Zoë Keating‘s cello loops and Imogen Heap‘s witchy gloves remind me that computers can also be playful extensions of human creativity, not just machines for the domination of human cattle.
Every now and then I wander through my memory following musical will-o-wisps: from my parents’ copies of Wendy Carlos‘s Switched on Bach (1968) and The Well-Tempered Synthesizer (1969) to music from the Hearts of Space, to Isao Tomita‘s Firebird (1976) and Kraftwerk‘s Autobahn (1974) borrowed from my friend Alex Levien, to Laurie Anderson‘s Big Science (1982), Depeche Mode‘s Some Great Reward (1984), and many others from the Staunton Public Library–all played from vinyl through a circa 1972 Heathkit tube amplifier built by my dad. And the Art of Noise‘s In Visible Silence (1986) on a cassette tape bought from, of all places, one of the small shops in Monterey. Somewhere along the way, Peter Gabriel (maybe) said our heart’s rhythm cannot be replaced with a drum machine.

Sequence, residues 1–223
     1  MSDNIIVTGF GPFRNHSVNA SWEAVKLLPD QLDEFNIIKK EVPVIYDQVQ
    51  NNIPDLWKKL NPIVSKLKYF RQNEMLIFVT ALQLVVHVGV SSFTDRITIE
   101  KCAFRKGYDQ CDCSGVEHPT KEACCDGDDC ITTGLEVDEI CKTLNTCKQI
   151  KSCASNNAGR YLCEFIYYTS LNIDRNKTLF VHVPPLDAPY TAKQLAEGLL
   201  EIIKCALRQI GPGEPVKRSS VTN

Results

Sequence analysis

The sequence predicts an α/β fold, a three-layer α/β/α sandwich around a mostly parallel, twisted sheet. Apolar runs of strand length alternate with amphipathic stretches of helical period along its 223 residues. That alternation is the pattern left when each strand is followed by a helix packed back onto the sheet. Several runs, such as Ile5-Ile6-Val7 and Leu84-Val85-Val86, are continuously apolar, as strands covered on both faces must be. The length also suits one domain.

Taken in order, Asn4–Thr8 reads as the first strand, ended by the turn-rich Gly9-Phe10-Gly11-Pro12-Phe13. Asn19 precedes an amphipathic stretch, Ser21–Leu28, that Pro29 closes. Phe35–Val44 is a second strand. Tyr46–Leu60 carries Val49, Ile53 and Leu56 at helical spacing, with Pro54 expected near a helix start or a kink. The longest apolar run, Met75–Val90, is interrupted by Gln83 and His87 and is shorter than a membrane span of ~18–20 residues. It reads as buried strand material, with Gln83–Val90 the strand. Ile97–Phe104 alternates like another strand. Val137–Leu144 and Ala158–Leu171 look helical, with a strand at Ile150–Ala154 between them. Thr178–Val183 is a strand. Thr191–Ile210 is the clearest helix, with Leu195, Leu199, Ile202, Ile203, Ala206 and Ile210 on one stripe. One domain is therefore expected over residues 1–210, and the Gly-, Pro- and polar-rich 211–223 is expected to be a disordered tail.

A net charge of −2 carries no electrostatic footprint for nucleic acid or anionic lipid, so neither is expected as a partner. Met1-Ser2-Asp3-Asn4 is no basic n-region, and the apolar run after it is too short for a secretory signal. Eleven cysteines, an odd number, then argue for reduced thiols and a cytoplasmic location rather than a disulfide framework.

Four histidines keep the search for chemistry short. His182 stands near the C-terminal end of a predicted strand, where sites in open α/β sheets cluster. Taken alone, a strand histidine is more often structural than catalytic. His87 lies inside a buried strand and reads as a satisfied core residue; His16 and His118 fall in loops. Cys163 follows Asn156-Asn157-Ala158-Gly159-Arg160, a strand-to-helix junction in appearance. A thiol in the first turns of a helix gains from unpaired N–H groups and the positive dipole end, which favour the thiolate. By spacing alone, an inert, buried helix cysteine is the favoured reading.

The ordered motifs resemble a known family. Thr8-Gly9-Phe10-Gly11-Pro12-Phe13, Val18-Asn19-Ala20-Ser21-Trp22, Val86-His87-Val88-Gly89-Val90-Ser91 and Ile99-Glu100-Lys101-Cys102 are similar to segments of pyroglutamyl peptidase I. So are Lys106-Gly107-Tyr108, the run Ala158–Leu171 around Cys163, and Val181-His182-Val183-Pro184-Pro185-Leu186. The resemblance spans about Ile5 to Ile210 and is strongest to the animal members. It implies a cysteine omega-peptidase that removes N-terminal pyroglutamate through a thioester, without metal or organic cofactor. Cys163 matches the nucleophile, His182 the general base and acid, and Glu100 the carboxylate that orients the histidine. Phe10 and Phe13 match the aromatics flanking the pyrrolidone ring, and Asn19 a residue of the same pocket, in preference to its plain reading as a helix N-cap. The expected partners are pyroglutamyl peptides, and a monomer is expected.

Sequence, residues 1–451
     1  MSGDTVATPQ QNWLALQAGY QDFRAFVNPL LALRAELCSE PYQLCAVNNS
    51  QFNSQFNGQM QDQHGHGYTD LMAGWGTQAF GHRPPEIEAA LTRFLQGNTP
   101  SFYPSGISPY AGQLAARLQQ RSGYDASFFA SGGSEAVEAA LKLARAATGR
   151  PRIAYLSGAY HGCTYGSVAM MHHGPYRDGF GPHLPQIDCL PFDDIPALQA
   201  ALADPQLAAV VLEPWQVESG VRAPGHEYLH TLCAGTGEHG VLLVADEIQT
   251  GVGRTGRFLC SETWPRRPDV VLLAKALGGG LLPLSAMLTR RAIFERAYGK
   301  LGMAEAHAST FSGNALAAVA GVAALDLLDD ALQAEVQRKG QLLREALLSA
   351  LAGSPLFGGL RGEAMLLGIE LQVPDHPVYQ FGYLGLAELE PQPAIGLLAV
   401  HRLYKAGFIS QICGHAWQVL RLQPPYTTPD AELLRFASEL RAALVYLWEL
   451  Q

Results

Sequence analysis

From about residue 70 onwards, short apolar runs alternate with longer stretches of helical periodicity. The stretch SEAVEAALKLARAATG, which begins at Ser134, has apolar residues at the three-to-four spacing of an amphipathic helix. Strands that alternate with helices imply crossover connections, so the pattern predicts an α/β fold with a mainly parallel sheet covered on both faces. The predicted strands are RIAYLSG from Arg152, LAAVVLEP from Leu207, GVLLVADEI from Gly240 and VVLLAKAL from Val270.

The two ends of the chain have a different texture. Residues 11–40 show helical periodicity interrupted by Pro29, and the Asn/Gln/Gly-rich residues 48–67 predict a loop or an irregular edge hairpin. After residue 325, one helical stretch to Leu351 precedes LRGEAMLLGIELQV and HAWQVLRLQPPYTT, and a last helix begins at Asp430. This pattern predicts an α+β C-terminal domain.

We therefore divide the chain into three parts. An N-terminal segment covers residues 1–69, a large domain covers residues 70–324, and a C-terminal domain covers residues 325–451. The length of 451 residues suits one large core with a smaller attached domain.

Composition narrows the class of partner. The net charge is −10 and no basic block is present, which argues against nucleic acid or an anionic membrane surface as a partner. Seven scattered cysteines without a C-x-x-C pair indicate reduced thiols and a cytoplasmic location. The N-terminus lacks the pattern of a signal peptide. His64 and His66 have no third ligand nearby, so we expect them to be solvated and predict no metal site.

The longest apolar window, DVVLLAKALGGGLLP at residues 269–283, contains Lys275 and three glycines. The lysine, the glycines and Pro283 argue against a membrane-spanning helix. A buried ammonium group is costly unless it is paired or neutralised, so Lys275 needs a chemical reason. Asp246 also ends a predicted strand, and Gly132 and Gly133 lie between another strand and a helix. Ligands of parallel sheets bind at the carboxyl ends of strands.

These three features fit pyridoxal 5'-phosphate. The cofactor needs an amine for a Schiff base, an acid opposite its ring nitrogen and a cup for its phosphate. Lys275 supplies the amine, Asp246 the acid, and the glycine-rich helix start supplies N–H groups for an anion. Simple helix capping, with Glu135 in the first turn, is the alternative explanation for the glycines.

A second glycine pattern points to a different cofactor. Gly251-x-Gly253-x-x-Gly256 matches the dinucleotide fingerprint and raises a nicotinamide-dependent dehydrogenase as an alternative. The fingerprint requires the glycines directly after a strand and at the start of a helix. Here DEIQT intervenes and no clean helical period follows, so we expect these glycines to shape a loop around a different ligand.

The older memories have names associated with the music, I think from holding the album, reading the liner notes while the disc spun. Most of my newer memories don’t; I’ll recognize a tune as familiar but have no idea to whom it belongs. I suspect this has to do with how the memory was stored: constant listening over an extended period of time. While these days most of my encounters are transient, embedded in another work, dissociated from the artist, or brief passages in the night. Recently I’ve been listening to BBC Radio shows from Cerys Matthews, Elizabeth Alker, and Sara Mohr-Pietsch and Hannah Peel. BBC Sounds lets me see what’s playing, if I avail myself of the feature; most times I simply enjoy the soundscapes they present: the mix itself as art.
And, yet, the other day one of those mixes introduced me to Daphne Oram (1925-2003), composer, musician, inventor, co-founder of the BBC Radiophonic Workshop. I love her humor.